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Biosecurity surveillance: quantitative approaches.

Book cover for Biosecurity surveillance: quantitative approaches.

Description

Biosecurity surveillance plays a vital role in protection against the introduction and spread of unwanted plants and animals. It involves not just collecting relevant information, but also analysing this information. This book focuses on methods for quantitative analysis of biosecurity surveillance data, where these data might arise from observations, sensors, remote imaging, expert opinion and so on. As emphasized in the Introduction, there is a need for exposition of these methods in the context of real world problems. The book, which is structured in three parts, is therefore focused on the practical application of quantitative methods for biosecurity surveillance. Part I presents the concepts for biosecurity surveillance; Part II discusses information for biosecurity surveillance; and Part III explores statistical modelling methods for designing biosecurity surveillance. Part I supports the later parts of the book, by providing a foundation for describing the statistical modelling methods presented, as well as placing later chapters in the broader international context. The chapters in Parts II and III describe methods and supporting case studies that demonstrate and/or implement the techniques, tools and methods described. It is anticipated that the book will be a resource for researchers and students in this field and in related disciplines, as well as practitioners who are engaged in the practice of biosecurity surveillance.

Metrics

Book Chapters

Chapter: 1 (Page no: 1) Introduction to Biosecurity surveillance: quantitative approaches. Author(s): Jarrad, F.
Chapter: 2 (Page no: 9) Biosecurity surveillance in agriculture and environment: a review. Author(s): Quinlan, M. Stanaway, M. Mengersen, K.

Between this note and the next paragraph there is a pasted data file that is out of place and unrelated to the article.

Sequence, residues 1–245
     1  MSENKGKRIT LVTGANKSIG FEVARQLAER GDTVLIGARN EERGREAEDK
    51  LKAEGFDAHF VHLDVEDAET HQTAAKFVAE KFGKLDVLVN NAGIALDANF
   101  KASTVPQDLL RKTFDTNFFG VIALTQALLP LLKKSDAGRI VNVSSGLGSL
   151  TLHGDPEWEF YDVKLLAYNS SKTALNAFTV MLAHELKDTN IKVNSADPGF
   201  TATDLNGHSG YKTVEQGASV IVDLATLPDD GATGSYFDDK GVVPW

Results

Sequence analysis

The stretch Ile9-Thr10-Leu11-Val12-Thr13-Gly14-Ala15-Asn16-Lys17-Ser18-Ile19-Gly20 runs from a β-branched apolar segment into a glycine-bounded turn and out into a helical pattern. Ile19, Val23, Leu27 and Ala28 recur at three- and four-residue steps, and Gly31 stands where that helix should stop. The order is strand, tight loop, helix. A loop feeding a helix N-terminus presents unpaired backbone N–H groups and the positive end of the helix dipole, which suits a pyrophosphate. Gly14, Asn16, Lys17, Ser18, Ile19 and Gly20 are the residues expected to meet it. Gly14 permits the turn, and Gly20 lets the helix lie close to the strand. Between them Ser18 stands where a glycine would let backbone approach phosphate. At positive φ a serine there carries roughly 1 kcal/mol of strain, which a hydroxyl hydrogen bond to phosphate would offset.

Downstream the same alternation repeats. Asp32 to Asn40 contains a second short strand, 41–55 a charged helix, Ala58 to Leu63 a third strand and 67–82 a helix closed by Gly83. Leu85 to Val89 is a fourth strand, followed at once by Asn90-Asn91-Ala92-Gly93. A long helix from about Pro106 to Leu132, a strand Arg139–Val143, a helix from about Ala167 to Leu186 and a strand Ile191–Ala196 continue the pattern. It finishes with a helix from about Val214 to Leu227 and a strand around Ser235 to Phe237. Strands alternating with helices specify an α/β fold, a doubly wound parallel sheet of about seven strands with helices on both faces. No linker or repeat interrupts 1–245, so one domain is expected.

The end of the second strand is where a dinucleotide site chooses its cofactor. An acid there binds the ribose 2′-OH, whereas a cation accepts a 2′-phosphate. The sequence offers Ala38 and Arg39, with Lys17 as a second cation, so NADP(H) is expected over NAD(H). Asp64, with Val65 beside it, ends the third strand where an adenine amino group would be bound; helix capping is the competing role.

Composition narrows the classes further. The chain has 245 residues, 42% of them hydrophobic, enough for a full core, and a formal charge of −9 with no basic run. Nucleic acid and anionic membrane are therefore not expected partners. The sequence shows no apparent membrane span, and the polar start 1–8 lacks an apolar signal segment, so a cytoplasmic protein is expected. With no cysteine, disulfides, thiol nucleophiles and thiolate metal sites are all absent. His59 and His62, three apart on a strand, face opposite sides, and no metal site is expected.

Chapter: 3 (Page no: 43) Getting the story straight: laying the foundations for statistical evaluation of the performance of surveillance. Author(s): Low-Choy, S.
Chapter: 4 (Page no: 75) Hierarchical models for evaluating surveillance strategies: diversity within a common modular structure. Author(s): Low-Choy, S.
Chapter: 5 (Page no: 109) The relationship between biosecurity surveillance and risk analysis. Author(s): MacLeod, A.
Chapter: 6 (Page no: 123) Designing surveillance for emergency response. Author(s): Havre, Z. van Whittle, P.
Chapter: 7 (Page no: 137) The role of surveillance in evaluating and comparing international quarantine systems. Author(s): Mittinty, M. Whittle, P. Burgman, M. Mengersen, K.
Chapter: 8 (Page no: 151) Estimating detection rates and probabilities. Author(s): Hauser, C. E. Garrard, G. E. Moore, J. L.
Chapter: 9 (Page no: 167) Ad hoc solutions to estimating pathway non-compliance rates using imperfect and incomplete information. Author(s): Robinson, A. P. Chisholm, M. Mudford, R. Maillardet, R.
Chapter: 10 (Page no: 181) Surveillance for soilborne microbial biocontrol agents and plant pathogens. Author(s): Whittle, P. Sundh, I. Neate, S.
Chapter: 11 (Page no: 203) Design of a surveillance system for non-indigenous species on Barrow Island: plants case study. Author(s): Murray, J. Whittle, P. Jarrad, F. Barrett, S. Stoklosa, R. Mengersen, K.
Chapter: 12 (Page no: 217) Towards reliable mapping of biosecurity risk: incorporating uncertainty and decision makers' risk aversion. Author(s): Yemshanov, D. Koch, F. H. Ducey, M. Haack, R. A.
Chapter: 13 (Page no: 238) Detection survey design for decision making during biosecurity incursions. Author(s): Kean, J. M. Burnip, G. M. Pathan, A.
Chapter: 14 (Page no: 253) Inference and prediction with individual-based stochastic models of epidemics. Author(s): Gibson, G. Gilligan, C. A.
Chapter: 15 (Page no: 265) Evidence of absence for invasive species: roles for hierarchical Bayesian approaches in regulation. Author(s): Stanaway, M.
Chapter: 16 (Page no: 278) Using Bayesian networks to model surveillance in complex plant and animal health systems. Author(s): Johnson, S. Mengersen, K. Ormsby, M. Whittle, P.
Chapter: 17 (Page no: 296) Statistical emulators of simulation models to inform surveillance and response to new biological invasions. Author(s): Renton, M. Savage, D.
Chapter: 18 (Page no: 313) Animal, vegetable, or ...? A case study in using animal-health monitoring design tools to solve a plant-health surveillance problem. Author(s): Hester, S. Sergeant, E. Robinson, A. P. Schult, G.
Chapter: 19 (Page no: 334) Agent-based Bayesian spread model applied to red imported fire ants in Brisbane. Author(s): Keith, J. M. Spring, D.

Book details

  • Author Affiliation
  • School of Botany, The University of Melbourne, Parkville, Victoria 3010, Australia.
  • Year of Publication
  • 2015
  • ISBN
  • 9781780643595
  • Record Number
  • 20153078038